After all, it was just a matter of walking straight back up the road for about 30 minutes, right?


I left my sister’s apartment around 6 p.m. because I wanted to walk back before it got dark. Started walking up what I believed was the same road I’d come from… and 25 minutes later I realized nothing looked very familiar and it was getting very dark very fast.

Okay, no big deal. I’ll just turn around and go back to my sister’s apartment.

Aaaand 25 minutes after THAT, I realized I was 100% undeniably lost. In a foreign country. Without phone service, without the contact information of any of my new coworkers, and most importantly, without even my home address. My co-teacher had written all these things down for me… and we’d left them at my apartment.

Panic started to set in a little bit because it was very dark and very cold. It felt a little nightmarish, like This is not happening to me. After a few more minutes of helplessly wandering around and imagining the news story the next day about a foreign girl dying of exposure to the elements on the streets of Daegu (no, this was not a rational thought; I was sort of freaking out), I decided hailing a cab was my best bet. No, I didn’t know my address, but at least it was warm.

Thank God that there is no shortage of taxis in Korea. The old ahjussi inside smelled like smoke and when I hesitantly, feebly told him the name of my apartment building (a name which, I now know, was incorrect and unhelpful), he said “Eh? Where?”

*Please note: Although I will recount our conversations in English, everything this taxi driver said was in Korean. My communication with him consisted of broken Korean and some random English words. In the end it worked quite well. And it turns out I know more Korean than I thought, in terms of listening and understanding anyway.*

With some difficulty and my limited Korean vocabulary, I made him understand that A) I was lost, B) I’d just arrived in Daegu today, C) I didn’t know my home address and D) my phone didn’t work here yet. Basically, I threw myself on his mercy.

He started driving me in the general direction that I pointed him in, and then I thought of telling him one of my school names. He took me there, and seeing that I still had no clue how to get home, he pointed out a Daegu police station across the street. He then proceeded to take me there, saw that it was closed, told me to wait in the car, got out and called the police to come to the station and help me out.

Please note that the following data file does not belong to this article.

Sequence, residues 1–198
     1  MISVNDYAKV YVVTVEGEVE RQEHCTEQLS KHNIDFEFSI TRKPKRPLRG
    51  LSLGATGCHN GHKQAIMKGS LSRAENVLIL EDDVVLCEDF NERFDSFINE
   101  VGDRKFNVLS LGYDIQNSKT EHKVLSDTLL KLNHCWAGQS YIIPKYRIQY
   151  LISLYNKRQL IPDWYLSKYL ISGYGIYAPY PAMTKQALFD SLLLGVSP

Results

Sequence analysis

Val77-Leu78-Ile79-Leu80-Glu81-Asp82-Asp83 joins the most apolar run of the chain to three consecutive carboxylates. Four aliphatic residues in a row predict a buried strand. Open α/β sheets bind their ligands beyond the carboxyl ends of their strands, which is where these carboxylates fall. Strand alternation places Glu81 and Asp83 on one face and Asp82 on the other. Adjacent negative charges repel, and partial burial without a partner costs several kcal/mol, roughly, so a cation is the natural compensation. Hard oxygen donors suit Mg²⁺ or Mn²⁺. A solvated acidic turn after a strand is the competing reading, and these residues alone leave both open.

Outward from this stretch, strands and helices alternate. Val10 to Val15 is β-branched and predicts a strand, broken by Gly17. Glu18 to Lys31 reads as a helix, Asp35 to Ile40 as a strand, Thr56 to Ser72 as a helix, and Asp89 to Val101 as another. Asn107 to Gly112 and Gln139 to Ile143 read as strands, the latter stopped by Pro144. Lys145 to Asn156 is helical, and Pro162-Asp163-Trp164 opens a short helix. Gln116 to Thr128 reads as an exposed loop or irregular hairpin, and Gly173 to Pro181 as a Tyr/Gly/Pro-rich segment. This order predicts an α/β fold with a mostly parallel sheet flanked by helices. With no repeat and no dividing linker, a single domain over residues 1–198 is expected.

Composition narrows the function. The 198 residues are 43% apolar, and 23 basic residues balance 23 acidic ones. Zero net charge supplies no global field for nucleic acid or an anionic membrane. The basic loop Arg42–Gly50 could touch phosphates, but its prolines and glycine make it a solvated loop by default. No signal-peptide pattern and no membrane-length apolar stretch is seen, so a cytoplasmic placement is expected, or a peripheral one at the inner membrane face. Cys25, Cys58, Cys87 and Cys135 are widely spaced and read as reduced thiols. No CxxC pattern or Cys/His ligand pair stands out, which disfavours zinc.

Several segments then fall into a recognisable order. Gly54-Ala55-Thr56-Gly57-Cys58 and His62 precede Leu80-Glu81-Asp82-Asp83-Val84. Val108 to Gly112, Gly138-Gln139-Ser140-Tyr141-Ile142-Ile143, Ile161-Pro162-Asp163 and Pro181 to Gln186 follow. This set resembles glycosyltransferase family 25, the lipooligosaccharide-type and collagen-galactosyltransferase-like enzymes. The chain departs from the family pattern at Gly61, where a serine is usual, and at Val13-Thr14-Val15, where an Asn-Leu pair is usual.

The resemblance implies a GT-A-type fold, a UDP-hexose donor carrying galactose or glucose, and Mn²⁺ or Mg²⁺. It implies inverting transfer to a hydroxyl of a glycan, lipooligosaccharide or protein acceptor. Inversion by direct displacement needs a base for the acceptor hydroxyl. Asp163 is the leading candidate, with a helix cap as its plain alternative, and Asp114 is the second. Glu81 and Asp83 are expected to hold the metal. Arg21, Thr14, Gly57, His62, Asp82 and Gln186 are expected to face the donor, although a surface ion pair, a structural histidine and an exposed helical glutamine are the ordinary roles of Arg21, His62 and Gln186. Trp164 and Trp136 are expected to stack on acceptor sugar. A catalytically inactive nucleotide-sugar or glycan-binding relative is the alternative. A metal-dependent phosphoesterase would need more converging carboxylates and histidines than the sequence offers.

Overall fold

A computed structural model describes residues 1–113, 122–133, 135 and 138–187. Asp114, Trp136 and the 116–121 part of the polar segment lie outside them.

The two police officers spoke even less English than the taxi driver (aka none). However, the taxi ahjussi explained my situation in Korean, causing looks of bewilderment and consternation on the cops’ faces that I would’ve found funny if it weren’t for my extreme embarrassment and general state of cold, hungry exhaustion.

The taxi driver told me he would leave me with the police now, and took me outside to check the meter and pay him. 11,200 won (about $11) in exchange for not freezing to death on my first night in Daegu? I consider that a good deal.

Back inside, I gave my passport to the cops so they could find my name, and managed to explain (in Korean) that I’m an English teacher for so-and-so schools. This led them to somehow contact one of my co-teachers (not the one that took care of me today). I then had a cringe-worthy conversation with her in English about the fact that I was lost and at the police station.

Yes, that’s right. I haven’t even started my job yet and my employers have already received a call from the police about me. I’m off to a great start!

Co-teacher: “You’re lost?”

Me: “Yes. I’m so sorry.”

Her: “It’s okay. Do you know your address?”

Me: “No.”

Her: “Okay, can I talk to the police officer?”

About 10 seconds later, the cop hung up the phone… and said nothing to me. So I sat there for a few minutes wondering if I was going to get picked up by my co-teacher like a juvenile delinquent being picked up by a parent.

Then I saw the map on the wall behind the desk, which looked really familiar to the map my co-teacher had shown me earlier. The cops noticed this and ushered me behind the desk to point at where I thought my apartment was. (As it turns out, the place I pointed to was almost exactly where my apartment actually is, although I didn’t know how accurate I was at the time.)

The cops then guided me to their car and said (in Korean) they would drive me around what was hopefully my neighborhood. While they were doing so, a small miracle happened. My phone picked up a smidgen of somebody’s open WiFi and a few Kakao Talk messages popped up from my co-teacher (the one who went shopping with me). One of them included my address in Korean.

I showed this to the officer, they showed it to a local shop owner, and minutes later one of the cops was escorting me to my front door. He then proceeded to write my address on a sticky note and give it to me. I apologized and thanked him in Korean and hurried my humiliated self into my apartment. It was 8:20 p.m., almost 2 1/2 hours after I’d left my sister’s place.

To top it all off, about 30 minutes later my landlord and an administrative official FROM MY SCHOOL (not the school they called – the OTHER school that wasn’t even supposed to know about this) show up at my door to check if I’m okay because “they heard I got lost.” The admin guy came over on a Friday night to check on me. It’s both sweet and embarrassing. So basically, everyone knows. Everyone. Knows. I have branded myself as the waygook (foreigner) who got lost before she even started.

Well Daegu, I’m here! I’ll be in the corner memorizing my address.

Lessons learned from this fiasco:

1) NEVER go ANYWHERE without my address written in Korean. And English.

2) Korean people are so kind. The taxi driver could’ve taken my money and made me get out, but he didn’t. This was just one example of the genuine kindness and desire to help that I’ve seen here already.

3) Did I mention the importance of knowing my address?